Humans of the Trail: James Wilde

Friday, February 14, 2020

Back home in the UK where James is from, many of his friends think he’s crazy for what he does each February for the last four years! Extreme cold, risk of frostbite, sleeplessness, days and nights running together; all these things that happen when you’re a handler for the Yukon Quest. James handles for veteran Yukon musher,  Rob Cooke (Shaytaan Siberian Huskies). James has two Malamutes back home, and after doing some research on the breed, he learned about mushing. Then one day, Alaskan musher Brent Sass’ kennel page popped up on James’ Facebook and that is how he learned about the Yukon Quest. Further research led to James’ online introduction to Rob Cooke, who is also British. 

“I followed online for that year and the next year I decided to fly out to Fairbanks to watch the start,” James said. He attended a lunch the day before the start of the Quest that year that Rob had also been invited to and that is how they met. Rob asked James to come by the dog yard the next morning before the start of the race and he got a sense of what handlers do and that piqued his interest even more. 

Rob and James kept in touch by email that year. Rob was really pleased with the way James and his dogs interacted, and eventually, “He said if you want to come out and do a full race with us, you’re more than welcome to,” James said. James and Rob have something else in common; Rob is ex Navy and James serves in the British Army, so there was another connection. “I’ve been really lucky my commanding officers have authorized the time for me to come out here,” he said. He and Rob spend a lot of time together training, not just running dogs, but Rob teaching James how to survive if he were ever to get lost or stuck out in the northern wilderness. “Everything you would do as a dog handler, especially on a 1,000-mile race, they are all really transferable skills to what we do in the army.”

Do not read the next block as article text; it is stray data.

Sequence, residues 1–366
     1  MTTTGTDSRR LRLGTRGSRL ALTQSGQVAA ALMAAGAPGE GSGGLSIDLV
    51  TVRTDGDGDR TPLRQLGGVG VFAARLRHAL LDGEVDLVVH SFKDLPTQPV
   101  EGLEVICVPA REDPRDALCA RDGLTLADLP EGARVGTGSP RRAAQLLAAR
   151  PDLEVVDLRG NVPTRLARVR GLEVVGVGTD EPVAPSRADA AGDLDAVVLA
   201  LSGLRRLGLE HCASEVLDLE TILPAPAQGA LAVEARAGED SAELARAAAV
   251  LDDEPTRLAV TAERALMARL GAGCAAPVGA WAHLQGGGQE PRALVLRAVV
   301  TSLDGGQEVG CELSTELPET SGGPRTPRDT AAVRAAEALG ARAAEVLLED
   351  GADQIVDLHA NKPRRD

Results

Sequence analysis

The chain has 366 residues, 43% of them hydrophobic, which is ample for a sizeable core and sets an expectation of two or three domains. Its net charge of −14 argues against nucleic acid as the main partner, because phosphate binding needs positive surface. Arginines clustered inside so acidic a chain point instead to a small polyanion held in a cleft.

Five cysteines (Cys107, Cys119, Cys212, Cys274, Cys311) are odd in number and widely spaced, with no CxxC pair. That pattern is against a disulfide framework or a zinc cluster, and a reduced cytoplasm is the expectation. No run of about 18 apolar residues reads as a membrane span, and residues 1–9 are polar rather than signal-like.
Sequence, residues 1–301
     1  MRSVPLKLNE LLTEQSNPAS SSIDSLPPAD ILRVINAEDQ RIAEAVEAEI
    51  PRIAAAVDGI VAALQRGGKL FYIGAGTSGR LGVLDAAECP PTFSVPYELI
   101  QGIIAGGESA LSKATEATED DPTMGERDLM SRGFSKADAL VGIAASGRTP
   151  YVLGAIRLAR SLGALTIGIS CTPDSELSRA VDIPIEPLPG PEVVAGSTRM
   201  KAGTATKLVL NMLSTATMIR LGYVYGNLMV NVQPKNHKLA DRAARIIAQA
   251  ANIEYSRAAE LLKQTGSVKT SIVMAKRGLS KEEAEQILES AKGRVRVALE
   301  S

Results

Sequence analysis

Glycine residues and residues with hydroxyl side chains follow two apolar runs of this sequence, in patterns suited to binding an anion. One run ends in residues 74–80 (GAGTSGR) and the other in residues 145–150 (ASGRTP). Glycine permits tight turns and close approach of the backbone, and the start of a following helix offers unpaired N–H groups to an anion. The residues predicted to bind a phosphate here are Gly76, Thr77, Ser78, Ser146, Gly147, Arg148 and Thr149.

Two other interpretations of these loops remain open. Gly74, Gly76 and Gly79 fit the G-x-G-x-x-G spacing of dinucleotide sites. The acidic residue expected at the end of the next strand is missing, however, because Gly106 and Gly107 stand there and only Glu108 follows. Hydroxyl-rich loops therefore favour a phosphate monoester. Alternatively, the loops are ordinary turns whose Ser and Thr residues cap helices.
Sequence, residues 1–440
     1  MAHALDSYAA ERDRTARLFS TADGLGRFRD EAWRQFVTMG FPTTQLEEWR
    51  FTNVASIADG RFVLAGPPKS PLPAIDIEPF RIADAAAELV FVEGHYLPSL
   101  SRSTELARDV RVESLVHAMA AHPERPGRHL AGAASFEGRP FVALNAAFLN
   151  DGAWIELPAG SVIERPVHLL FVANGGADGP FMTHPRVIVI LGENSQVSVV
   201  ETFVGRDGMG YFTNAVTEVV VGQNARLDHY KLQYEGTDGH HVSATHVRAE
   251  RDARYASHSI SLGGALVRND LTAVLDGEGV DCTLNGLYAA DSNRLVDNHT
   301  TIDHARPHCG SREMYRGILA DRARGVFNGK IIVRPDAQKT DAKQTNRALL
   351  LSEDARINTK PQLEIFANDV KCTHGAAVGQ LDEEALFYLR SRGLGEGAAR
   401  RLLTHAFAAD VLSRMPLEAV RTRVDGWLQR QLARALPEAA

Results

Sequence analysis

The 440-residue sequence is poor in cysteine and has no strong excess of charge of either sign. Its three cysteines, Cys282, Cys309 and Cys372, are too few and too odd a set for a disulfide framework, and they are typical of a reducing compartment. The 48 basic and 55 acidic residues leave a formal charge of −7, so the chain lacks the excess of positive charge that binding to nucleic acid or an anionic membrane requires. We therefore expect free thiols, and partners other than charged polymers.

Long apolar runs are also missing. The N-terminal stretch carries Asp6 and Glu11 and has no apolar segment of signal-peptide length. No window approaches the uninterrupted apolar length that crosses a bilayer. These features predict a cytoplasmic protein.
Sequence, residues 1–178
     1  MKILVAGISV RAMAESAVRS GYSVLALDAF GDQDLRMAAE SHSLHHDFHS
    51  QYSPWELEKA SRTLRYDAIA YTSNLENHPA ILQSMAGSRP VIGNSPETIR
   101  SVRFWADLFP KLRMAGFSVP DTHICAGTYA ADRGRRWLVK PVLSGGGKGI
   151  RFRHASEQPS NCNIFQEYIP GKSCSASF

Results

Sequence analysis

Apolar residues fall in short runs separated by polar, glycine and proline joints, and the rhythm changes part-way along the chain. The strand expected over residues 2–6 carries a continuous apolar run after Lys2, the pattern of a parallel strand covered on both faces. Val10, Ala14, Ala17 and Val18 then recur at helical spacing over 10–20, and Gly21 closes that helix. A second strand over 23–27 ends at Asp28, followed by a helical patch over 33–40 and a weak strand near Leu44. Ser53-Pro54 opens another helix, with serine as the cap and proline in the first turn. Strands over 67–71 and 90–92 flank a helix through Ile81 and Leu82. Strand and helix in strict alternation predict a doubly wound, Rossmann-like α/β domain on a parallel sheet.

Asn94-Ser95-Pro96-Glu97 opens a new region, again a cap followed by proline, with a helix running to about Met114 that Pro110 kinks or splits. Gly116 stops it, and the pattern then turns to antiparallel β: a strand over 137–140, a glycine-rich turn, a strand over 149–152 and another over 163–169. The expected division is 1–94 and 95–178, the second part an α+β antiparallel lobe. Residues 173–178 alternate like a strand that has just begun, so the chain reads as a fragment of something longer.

James is a health care assistant and a training senior NCO with his unit, in charge of both clinical and military training. “A lot of my job is administration and logistics,” James said. Prepping, organizing, coordinating are skills that James has and skills that a good dog handler needs to have. “It’s making sure Rob has everything he needs before we go. If he thinks of something, I know the answer to give it to him. It’s moving him around so that he doesn’t have to think about all that and keep his head on the dogs.” 

James said he would like to take up mushing himself if there was an opportunity He and Rob have talked about it, but for James and his career in the military, it’s hard for him  to get the time that he would need to spend with the dogs in order for Rob to let James run his dogs. “If I wanted to run a 1,000 it would be at least September to the end of February.” There’s also the qualifying races that James has to consider as well. It’s a lot to consider. While he’s content to continue to be a handler, James says if he did get the opportunity, he would definitely take it. 

In the meantime, James is clearly dedicated to Rob and even when he’s not in the Yukon, he’s following Rob throughout the year. “I watch Rob very closely, not just in the race, but back at home, to see what he’s doing. I really admire how tough he is,” he said. All the qualities and skills that James admires about Rob are things that James sees as ‘takeaways’ for himself in his personal life and his job. Whether or not James becomes a full on musher himself, he says, “As long as Rob invites me back to come and be part of the team, I’ll be here.”

James has clearly been bitten by the mushing bug and finds the transition of being in the wilds of the Yukon and Alaska, surrounded by sled dogs, enduring the extremes in weather, to life back in the UK difficult. “I definitely get back home and want to come back straightaway,” he said. The Yukon Quest is also about the friendships for James and year after year, people welcome him back as if he never left! “That’s one of the great things about the Quest. A lot of people say it’s the ‘Quest family’. It really is a family and that is why the Quest is so great.” 

It’s so true!